Interestingly up to this point I was so in a zone that any pain relief options didn't even cross my mind, but once I learnt more on dilation and asked what current dilation would mean in terms of timing, the midwife shared that the next routine internal examination was at 8pm. Knowing I could be in for a long ride, I asked Dave & Jess if I could have a very low level of gas and air, so they prepared 30% nitrogen oxide 70% oxygen. To help with some of the wave intensity, I did try a few different positions, including using the ball, side of bed etc. I tried some gas during this time but took it easy in balancing with normal breathing so I didn't feel overwhelmed.

By 3.30pm things moved very quick. The intensity picked up dramatically, I opted to use the gas a bit more, and shortly after 3.30pm the midwife conducted an internal which showed me to be 7-8cm and likely in transition due to bowel pressure. During this time I remember the feeling of excitement as we both knew that our little man wasn't far away. We even changed the playlist to more upbeat music in excitement.

During the internal the senior midwife shared that the positioning of the baby head had to slightly rotate, so I maneuvered onto to ball and proceeded with some hip rotations and movements. As time went on the waves became much more intense and strong. I felt it much more manageable whilst laying on the bed at this point. It also enabled me to focus more on my breathing, and by this point managing a few sips of gas. The next 2 hours felt like a complete blur, although I do remember the music quite vaguely, in some way supporting visualisations to put me in other places we enjoyed around Melbourne and take my headspace away from the intensity.

Then at around 5.15pm I felt the urgent need to go to the toilet, which is obviously a sign second stage is about to begin. The midwife wasn't too sure my dilation was ready. I can't remember if another internal check was performed, but the midwives assured me to push when I was naturally ready and felt the urge. My OB at this point was supporting another birth so I had the midwives taking the lead and doing an amazing job! They helped me with positioning, sharing positive affirmations, and ultimately keeping my headspace in the place that had seen my dilation run smoothly and quickly. All in all, I was pushing for an hour - and in those last couple of pushes I remember feeling like perhaps I just couldn't do this, but one of the midwives was so strong in affirming my ability, it gave me the mental effort to bring our baby boy Jac into the world. All be it, Jac arrived into the world safely, with no interventions required, and a calm atmosphere surrounded by this amazing support. It really was a surreal moment that after this 9 month journey, we were presented with this beautiful, healthy baby boy. Jac was born at 6.33pm.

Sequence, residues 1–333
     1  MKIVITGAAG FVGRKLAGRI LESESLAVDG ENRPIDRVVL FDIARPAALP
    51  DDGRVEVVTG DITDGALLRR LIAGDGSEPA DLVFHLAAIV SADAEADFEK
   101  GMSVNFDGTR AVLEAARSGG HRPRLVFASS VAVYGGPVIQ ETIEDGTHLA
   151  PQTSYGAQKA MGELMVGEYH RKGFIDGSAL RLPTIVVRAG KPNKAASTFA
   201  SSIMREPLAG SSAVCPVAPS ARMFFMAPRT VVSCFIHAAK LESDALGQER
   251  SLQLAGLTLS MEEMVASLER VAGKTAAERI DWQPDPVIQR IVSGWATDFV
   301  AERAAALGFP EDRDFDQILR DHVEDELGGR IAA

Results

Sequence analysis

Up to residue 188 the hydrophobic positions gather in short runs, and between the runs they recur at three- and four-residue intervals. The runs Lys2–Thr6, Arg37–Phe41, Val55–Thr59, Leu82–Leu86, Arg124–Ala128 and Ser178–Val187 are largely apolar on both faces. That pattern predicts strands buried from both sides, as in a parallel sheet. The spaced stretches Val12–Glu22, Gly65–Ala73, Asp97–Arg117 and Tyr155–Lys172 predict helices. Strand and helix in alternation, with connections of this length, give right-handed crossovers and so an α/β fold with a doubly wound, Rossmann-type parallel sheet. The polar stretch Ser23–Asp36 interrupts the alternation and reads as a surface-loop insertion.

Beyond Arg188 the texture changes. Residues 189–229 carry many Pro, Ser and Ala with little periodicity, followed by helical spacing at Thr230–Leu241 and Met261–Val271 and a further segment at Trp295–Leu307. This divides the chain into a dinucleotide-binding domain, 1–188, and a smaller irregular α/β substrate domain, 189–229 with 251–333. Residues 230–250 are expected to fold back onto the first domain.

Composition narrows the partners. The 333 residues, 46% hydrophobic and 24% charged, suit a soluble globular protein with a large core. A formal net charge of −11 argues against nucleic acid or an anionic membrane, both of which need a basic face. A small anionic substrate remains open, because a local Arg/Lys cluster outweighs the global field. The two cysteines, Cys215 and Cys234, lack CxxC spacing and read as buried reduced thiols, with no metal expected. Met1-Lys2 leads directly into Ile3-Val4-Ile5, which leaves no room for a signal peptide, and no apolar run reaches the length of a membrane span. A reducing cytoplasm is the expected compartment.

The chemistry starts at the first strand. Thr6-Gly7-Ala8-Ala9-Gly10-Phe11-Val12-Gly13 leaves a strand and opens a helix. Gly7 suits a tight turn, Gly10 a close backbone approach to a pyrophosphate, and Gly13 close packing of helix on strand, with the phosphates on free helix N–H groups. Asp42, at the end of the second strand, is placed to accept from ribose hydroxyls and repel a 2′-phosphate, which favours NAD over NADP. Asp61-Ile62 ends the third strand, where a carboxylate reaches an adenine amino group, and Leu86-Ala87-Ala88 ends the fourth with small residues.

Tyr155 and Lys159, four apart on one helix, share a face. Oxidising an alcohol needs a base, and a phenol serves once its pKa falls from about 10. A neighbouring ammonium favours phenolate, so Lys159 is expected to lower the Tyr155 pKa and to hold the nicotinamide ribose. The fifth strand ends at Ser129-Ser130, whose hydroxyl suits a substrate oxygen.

To make the birth even more special, my OB did make it into the suite in the final stages to support, and as Jac made his final few steps, he offered my husband the chance not only to catch baby Jac, but also play a role in helping him through by delivering his head. This in itself was such a special connecting moment for my husband. We also requested delayed chord clamping, and for my partner to cut the chord which was fulfilled.